Three Uses For Thermal Imaging Cameras In Commercial Buildings

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What is Thermal Imaging?

All objects emit infrared energy (heat) as a function of their temperature. The infrared energy emitted by an object is known as its heat signature. In general, the hotter an object is, the more radiation it emits. A thermal imager (also known as a thermal imaging camera) is essentially a heat sensor that can detect tiny differences in temperature. Thermal imaging cameras effectively translate heat - that is, thermal energy - into visible light to analyse surroundings. These cameras can be very precise, requiring only a small amount of heat to work effectively.

 

How Does Thermal Imaging Work?

Visible light is extremely useful, but it’s only a small part of the electromagnetic spectrum. Infrared radiation, the kind produced by heat, takes up more “space” in the spectrum. The interplay of heat being absorbed, reflected and transmitted is what thermal imaging cameras capture and evaluate.

The level of thermal radiation emitted by an object is called its heat signature. The hotter a given object is, the more radiation it will emit. The thermal imaging camera is capable of distinguishing heat sources and very small differences in thermal radiation. It compiles this data into a complete “heat map” distinguished by heat levels.

Over the past few years, Thermal Imaging has become best business practice for Commercial Energy Auditors. Here are 3 uses for thermal imaging cameras that greatly assist Facility Managers and Auditors of Commercial Buildings:

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1. Identify Thermal Performance
The most common problem – and the one easiest to detect – is heat loss from walls, piping, HVAC components, doors, and windows. Because infra-red thermal imaging cameras can cover such a wide area, it is not uncommon to spot problems that you weren’t expecting to find. You may be looking for one issue, but the thermal reading will bring another trouble spot to your attention.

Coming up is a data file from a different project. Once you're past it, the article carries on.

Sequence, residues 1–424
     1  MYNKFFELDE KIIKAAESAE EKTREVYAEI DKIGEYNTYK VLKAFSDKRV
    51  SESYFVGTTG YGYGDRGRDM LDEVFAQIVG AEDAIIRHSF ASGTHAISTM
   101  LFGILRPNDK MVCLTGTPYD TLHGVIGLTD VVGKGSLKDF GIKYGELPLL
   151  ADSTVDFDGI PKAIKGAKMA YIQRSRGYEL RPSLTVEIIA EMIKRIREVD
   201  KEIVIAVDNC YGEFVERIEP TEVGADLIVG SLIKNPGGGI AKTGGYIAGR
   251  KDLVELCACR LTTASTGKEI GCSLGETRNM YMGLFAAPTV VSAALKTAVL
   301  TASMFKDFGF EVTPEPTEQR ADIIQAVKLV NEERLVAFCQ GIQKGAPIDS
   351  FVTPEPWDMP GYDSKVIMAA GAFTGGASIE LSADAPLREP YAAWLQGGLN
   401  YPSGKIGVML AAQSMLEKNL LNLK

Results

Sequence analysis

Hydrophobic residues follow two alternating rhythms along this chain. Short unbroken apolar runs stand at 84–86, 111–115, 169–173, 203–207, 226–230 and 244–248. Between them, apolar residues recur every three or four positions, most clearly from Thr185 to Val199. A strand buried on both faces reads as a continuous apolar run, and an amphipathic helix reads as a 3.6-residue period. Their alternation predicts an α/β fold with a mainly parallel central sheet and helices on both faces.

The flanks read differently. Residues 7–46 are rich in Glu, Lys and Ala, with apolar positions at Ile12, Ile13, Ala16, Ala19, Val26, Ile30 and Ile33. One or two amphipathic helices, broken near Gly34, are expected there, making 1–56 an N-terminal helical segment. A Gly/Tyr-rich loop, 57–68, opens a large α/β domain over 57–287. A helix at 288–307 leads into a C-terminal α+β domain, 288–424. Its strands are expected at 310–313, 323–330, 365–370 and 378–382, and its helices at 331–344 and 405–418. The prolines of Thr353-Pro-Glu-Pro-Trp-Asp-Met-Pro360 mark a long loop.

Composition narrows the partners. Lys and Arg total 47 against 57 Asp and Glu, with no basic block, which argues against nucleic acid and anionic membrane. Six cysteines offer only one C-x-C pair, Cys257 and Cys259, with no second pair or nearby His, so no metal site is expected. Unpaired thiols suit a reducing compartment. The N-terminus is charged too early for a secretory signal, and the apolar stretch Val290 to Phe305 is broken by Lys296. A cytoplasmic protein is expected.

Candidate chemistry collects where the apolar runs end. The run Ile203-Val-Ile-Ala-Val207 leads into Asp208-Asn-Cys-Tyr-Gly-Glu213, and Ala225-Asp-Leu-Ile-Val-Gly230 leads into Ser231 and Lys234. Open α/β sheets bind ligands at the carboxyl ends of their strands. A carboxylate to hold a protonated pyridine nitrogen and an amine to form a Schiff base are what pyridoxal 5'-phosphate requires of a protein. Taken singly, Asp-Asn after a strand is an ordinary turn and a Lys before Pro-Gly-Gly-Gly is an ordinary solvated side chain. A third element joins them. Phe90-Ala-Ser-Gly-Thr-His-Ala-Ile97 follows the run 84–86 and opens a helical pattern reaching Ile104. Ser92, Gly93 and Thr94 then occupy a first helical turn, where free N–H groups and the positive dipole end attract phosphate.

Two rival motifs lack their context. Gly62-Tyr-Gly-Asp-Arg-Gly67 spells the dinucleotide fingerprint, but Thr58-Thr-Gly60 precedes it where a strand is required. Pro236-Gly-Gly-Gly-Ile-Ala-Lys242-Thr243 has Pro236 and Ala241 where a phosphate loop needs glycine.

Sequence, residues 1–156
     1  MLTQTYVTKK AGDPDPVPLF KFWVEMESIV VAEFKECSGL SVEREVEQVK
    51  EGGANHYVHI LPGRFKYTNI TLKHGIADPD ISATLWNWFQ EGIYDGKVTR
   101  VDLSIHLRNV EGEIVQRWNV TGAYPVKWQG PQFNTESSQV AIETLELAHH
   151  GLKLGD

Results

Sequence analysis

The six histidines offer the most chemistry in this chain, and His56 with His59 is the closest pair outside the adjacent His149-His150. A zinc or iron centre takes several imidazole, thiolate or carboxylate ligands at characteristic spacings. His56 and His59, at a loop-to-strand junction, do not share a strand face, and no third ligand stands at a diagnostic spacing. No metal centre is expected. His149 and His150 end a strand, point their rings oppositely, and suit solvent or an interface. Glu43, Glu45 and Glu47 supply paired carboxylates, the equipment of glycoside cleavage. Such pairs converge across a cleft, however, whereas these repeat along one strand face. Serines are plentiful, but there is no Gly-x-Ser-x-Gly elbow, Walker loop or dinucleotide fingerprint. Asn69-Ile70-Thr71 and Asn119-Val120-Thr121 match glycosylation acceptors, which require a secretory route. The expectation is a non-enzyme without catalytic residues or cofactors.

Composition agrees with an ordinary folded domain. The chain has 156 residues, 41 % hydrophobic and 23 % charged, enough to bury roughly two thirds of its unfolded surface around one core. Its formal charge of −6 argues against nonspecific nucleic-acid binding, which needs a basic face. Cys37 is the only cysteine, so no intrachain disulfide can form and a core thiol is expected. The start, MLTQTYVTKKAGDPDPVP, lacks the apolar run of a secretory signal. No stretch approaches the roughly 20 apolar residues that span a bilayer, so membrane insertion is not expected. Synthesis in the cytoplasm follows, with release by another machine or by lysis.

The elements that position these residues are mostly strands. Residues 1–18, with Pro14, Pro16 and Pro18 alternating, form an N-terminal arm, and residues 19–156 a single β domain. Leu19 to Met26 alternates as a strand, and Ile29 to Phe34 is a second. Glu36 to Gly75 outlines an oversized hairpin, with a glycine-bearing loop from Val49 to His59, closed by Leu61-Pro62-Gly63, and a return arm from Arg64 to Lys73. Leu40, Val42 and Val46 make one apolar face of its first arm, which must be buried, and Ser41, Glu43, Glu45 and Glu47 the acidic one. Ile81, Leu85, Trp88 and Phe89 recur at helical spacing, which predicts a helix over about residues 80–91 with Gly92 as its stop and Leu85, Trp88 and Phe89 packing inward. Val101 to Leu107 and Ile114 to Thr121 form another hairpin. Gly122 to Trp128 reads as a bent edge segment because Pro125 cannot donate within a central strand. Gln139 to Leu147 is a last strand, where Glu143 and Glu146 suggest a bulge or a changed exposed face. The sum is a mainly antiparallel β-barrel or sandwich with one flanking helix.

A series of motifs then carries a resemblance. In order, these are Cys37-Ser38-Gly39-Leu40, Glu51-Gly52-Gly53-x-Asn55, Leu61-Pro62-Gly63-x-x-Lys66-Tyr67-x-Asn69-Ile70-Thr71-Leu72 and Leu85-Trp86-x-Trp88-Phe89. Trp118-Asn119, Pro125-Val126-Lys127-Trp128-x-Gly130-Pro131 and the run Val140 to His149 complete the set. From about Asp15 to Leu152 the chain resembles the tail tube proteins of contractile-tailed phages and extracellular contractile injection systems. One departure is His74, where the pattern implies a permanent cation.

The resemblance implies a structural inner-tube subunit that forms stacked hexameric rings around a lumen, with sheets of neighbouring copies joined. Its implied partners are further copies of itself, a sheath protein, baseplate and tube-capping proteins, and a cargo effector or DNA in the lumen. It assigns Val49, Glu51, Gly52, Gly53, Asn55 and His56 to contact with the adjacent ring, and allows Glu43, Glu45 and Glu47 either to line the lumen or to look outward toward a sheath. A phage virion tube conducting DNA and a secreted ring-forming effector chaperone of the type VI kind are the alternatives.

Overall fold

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2. Roofing Issues

A commercial buildings roof is one of its most valuable assets. You can use thermal imaging to track roof conditions and spot problems before a potential major leak occurs. In the vast majority, roof problems are punctures, compromised membrane around HVAC units or gaps in a seam. Water will saturate the insulation above the roof and take longer to radiate than the rest of the roof because of a higher thermal mass. Using thermal imaging may remove the need to replace whole roofs as you can now isolate the damaged area for repair.

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3. Identify Electrical Issues

As thermal imaging cameras allow you to take measurements from a distance, they’re ideal for finding issues in equipment that could pose a safety issue to workers or are hard to reach. Using thermal imaging cameras, Facility Managers will often find circuits that are overheating or motor bearings that are about to fail. When a motor isn’t functioning properly the outside of the housing will be noticeably warmer.

 

At Glas Éireann Solutions, we are committed to reducing commercial, agricultural and industrial energy usage, energy overheads, carbon footprint as well as exposure to future energy price increase risk. One of the methods we use during the commercial energy audit phase is thermal imaging. To find out more on how we can help your business, why not contact us here, or phone on 061 - 633 298.

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